What is fair trade? What is ethical shopping? What do these practices have to do with justice issues?
According to the World Fair Trade Organization (WFTO), “Fair Trade is a trading partnership, based on dialogue, transparency and respect that seeks greater equity in international trade. It contributes to sustainable development by offering better trading conditions to, and securing the rights of, marginalized producers and workers.”
Buying from companies that engage in fair trade practices is one form of ethical shopping. That’s easy when a company is fair trade certified by an organization like WFTO. However, it’s important to research a company’s business practices when looking for ethical shopping options. Some companies may operate under fair trade standards, but may lack formal fair trade certification, possibly due to company size or certification cost. Shopping secondhand is also considered ethical because it does not create new demand for a product and it keeps unused items out of landfills.
Luke 4 says that, after Jesus’ temptation in the desert, He went home to Nazareth in Galilee. While in the synagogue there, he picked up a scroll and read Isaiah’s prophecy concerning Him: “The Spirit of the Sovereign Lord is on me, because the LORD has anointed me to preach good news to the poor, He has sent me to bind up the brokenhearted, to proclaim freedom for the captives and release from darkness for the prisoners, to proclaim the year of the Lord’s favor.” (Isaiah 61:1-2, NIV)
In America’s antebellum history, slaves worked in plantation fields and performed domestic duties in their masters’ homes. Modern slavery looks a bit different. According to the International Labor Organization, modern slavery can be described as “…situations of exploitation that a person cannot refuse or leave because of threats, violence, coercion, deception, and/or abuse of power.” This can manifest itself in situations such as (but not limited to) forced labor, debt bondage, and forced marriage.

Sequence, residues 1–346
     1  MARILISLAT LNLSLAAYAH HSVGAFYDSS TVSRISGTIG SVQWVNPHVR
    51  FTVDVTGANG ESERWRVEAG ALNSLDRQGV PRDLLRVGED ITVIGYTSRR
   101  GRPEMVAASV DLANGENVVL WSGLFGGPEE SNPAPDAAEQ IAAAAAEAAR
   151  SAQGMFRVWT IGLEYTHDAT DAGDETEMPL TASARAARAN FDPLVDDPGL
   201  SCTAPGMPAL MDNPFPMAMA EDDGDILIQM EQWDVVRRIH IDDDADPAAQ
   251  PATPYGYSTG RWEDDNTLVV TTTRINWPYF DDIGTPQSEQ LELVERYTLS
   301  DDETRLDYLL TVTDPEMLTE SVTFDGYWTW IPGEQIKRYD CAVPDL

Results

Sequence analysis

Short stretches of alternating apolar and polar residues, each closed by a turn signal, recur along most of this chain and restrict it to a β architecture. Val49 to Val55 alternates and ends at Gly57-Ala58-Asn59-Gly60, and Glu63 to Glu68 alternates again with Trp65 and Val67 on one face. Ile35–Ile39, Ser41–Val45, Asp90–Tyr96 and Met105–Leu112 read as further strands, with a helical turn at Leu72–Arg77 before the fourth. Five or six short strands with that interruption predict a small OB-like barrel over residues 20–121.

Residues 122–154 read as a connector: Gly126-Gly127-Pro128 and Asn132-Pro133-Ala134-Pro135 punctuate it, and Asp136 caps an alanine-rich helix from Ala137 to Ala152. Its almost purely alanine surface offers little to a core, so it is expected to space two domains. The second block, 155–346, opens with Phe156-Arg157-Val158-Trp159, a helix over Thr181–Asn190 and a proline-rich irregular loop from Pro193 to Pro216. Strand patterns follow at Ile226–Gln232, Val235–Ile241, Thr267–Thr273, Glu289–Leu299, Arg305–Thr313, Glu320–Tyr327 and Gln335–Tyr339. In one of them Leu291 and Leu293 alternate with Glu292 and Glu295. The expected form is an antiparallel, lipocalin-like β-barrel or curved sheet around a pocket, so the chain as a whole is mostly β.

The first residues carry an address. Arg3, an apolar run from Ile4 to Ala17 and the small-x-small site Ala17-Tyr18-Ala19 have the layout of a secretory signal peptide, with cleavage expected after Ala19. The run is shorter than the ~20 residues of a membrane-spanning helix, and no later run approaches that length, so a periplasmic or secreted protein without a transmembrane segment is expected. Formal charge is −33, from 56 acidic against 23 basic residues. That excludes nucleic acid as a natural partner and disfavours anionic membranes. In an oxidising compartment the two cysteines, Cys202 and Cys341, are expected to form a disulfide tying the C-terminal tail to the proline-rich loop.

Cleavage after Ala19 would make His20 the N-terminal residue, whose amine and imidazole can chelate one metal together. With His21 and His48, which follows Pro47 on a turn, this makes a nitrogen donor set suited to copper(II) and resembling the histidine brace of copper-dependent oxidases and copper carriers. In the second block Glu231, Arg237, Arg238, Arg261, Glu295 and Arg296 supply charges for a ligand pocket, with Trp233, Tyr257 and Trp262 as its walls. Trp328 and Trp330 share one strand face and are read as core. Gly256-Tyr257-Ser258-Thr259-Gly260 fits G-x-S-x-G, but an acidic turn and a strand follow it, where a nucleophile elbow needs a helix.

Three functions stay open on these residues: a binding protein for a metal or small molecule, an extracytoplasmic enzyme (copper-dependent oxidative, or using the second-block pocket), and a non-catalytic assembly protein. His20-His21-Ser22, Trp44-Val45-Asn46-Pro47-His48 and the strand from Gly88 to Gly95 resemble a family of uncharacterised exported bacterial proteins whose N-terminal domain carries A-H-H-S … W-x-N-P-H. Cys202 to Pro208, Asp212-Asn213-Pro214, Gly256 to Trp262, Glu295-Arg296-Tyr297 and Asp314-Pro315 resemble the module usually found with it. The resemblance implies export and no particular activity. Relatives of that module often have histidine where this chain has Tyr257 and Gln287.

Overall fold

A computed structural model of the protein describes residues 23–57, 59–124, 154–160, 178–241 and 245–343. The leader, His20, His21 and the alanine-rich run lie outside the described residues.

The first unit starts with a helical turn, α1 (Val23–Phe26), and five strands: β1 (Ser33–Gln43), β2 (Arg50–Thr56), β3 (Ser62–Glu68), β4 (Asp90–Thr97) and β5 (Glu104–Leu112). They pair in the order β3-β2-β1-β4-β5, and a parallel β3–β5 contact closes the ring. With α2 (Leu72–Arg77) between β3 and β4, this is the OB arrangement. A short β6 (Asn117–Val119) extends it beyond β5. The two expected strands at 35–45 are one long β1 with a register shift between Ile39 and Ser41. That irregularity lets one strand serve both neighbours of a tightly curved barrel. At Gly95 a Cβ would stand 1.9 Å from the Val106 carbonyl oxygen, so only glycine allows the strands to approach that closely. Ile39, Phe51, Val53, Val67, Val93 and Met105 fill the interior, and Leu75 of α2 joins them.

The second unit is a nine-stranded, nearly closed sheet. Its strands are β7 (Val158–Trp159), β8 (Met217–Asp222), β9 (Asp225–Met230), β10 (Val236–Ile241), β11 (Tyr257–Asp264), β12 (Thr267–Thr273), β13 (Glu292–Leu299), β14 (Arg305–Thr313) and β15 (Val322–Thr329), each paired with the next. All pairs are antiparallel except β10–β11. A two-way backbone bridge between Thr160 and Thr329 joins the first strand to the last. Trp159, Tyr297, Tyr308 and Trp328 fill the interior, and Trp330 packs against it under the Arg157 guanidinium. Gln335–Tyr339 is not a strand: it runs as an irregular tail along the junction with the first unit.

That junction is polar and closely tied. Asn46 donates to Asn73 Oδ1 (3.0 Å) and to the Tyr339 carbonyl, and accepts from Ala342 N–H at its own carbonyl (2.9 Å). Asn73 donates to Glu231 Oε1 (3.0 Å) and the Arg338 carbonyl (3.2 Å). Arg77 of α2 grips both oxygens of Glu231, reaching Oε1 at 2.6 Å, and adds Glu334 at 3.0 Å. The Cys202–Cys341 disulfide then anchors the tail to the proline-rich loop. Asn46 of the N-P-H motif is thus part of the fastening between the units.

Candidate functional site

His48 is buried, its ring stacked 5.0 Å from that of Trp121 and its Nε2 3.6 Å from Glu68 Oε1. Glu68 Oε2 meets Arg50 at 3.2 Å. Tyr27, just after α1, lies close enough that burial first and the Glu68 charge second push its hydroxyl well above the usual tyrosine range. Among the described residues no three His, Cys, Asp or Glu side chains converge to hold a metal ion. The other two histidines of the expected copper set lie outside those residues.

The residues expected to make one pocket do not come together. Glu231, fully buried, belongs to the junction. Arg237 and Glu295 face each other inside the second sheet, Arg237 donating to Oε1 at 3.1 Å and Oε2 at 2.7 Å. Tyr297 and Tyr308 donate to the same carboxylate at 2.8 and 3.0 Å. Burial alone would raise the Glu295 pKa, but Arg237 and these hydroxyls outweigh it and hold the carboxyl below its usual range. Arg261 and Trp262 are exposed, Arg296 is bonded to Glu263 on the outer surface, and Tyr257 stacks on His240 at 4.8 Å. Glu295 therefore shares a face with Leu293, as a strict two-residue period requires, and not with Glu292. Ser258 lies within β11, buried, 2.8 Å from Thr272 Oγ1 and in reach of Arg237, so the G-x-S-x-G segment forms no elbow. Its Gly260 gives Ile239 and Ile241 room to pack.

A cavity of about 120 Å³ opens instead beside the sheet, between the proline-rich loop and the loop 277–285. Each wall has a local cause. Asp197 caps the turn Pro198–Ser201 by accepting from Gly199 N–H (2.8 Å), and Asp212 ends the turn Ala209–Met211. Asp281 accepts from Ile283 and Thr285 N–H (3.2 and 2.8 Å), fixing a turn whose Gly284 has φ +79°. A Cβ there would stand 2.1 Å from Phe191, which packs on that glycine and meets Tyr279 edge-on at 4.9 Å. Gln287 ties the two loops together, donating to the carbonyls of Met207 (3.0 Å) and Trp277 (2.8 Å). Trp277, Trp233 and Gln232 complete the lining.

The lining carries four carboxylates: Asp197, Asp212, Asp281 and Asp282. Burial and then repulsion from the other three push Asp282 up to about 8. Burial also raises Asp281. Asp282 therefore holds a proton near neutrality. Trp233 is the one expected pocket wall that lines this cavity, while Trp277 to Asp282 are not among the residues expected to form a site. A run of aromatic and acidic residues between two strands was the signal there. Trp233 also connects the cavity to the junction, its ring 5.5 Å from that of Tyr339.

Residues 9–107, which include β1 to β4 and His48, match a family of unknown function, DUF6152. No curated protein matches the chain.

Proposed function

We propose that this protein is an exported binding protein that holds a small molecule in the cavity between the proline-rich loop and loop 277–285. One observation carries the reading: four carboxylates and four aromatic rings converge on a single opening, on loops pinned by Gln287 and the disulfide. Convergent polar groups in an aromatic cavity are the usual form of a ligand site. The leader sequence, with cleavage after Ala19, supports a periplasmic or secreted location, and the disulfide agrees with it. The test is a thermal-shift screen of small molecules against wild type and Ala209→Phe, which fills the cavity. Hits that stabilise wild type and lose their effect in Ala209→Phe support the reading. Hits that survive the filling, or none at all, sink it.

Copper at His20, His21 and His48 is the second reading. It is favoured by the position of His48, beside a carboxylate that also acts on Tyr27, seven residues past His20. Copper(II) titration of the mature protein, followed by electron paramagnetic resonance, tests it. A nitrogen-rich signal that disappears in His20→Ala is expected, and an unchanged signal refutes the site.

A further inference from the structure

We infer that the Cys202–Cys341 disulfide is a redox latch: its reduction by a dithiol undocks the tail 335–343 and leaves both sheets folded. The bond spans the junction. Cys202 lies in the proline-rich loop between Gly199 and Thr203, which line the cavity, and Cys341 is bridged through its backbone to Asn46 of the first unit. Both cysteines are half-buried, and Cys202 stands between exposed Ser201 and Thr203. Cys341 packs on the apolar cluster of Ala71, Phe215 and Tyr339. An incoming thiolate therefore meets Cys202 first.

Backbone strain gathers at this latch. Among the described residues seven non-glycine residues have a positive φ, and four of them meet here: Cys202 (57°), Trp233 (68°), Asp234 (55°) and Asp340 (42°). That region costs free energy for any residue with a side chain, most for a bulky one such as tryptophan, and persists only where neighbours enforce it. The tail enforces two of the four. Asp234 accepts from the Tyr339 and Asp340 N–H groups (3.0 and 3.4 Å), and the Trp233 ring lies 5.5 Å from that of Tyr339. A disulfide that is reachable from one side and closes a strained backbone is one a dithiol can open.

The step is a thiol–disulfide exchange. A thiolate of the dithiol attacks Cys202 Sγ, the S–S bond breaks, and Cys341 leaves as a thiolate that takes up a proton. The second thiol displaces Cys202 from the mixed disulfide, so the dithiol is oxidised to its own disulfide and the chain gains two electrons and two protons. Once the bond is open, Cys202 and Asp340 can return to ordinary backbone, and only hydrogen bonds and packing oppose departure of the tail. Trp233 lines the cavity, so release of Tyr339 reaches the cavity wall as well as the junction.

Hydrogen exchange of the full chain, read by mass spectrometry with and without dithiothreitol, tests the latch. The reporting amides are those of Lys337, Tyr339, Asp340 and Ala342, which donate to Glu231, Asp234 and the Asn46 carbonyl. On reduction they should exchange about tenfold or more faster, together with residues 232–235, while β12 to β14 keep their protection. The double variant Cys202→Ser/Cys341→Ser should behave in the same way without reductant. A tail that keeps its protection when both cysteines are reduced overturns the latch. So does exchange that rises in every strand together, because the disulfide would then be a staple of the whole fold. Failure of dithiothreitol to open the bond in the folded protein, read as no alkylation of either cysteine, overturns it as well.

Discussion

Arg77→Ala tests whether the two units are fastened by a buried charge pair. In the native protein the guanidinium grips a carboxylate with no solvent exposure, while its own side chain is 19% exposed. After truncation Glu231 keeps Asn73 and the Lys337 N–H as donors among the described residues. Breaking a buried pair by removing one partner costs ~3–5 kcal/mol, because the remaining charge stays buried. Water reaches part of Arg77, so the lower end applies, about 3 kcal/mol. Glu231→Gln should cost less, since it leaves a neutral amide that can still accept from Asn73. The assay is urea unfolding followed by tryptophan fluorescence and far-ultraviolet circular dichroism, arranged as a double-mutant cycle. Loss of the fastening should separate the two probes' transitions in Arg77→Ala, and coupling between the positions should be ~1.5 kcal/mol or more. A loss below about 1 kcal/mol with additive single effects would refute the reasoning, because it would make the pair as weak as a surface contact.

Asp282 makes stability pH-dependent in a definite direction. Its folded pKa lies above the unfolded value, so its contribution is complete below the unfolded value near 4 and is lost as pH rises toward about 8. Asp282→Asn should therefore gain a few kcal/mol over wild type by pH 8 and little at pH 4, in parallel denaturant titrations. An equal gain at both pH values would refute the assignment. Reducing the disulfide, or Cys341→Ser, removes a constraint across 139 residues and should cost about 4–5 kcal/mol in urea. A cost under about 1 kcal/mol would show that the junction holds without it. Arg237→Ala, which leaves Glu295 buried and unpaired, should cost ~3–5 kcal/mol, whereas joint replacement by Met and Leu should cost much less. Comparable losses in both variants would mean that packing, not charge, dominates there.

The International Justice Mission (IJM) estimates that, even though slavery is illegal in every country, there are currently 40 million slaves in the world today, more than at any other point in human history. The Global Slavery Index estimated that, in 2018, G20 countries annually imported $127.7 billion worth of garments potentially produced by slaves. These facts are our call to action.
Some of Jesus’ first words after his baptism and time in the desert were to announce in the synagogue that He came to proclaim freedom for the captives. Slavery – a life of captivity – still exists for millions today. What does that mean to those of us who have given our lives to Him and who deeply desire to live a life like His? One thing we can do is to carefully consider what we buy, how we buy, and how often we buy.
For instance, we could purchase five $5 t-shirts from a mass retailer that likely used slaves in the manufacturing process, or we could choose to purchase one $32 t-shirt from an ethical retailer like Elegantees, (www.elegantees.com). This company employs women rescued from sex trafficking, freed from modern slavery. Its seamstresses come from a local safe house in Nepal. These seamstresses are not only paid more than two times the local minimum wage, but they also work regular hours in a safe environment.
The process of changing your shopping habits will look different for everyone and every budget. My ethical fashion inspiration is Molly Stillman from the blog Still Being Molly. Recently, she discussed her own switch, a process that has taken about eight years. I haven’t fully transitioned to purchasing only fair and ethical items, but I am improving every day. I am also realistic, especially when it comes to my kids. I try to buy secondhand, but I also shop at The Children’s Place or Target. Realistically, there aren’t a lot of fair trade options for kids’ clothing, and those options may not fit comfortably within our family budget, especially considering how fast kids grow.
Recognizing that it isn’t always practical to buy new items from fair and ethical companies, I find myself following the old adage, “Use it up, wear it out, make it do, or do without.” I sew patches on ripped jeans instead of buying new. I question needs versus wants (and answer myself honestly) before making a purchase. When my kids outgrow clothes, I check the thrift store before buying new.
This isn’t meant to shame anyone into changing habits. This is meant to educate and encourage. We can’t do better unless we know better. Start somewhere, give yourself grace, and remember it’s a marathon. We have the power to impact the world through our purchases, and I pray we use it wisely.
Take your first step in ethical shopping and visit Amplify Peace’s new marketplace at Amplify Marketplace. You can make a difference today by supporting fair traded products and artisans. This is our call to action.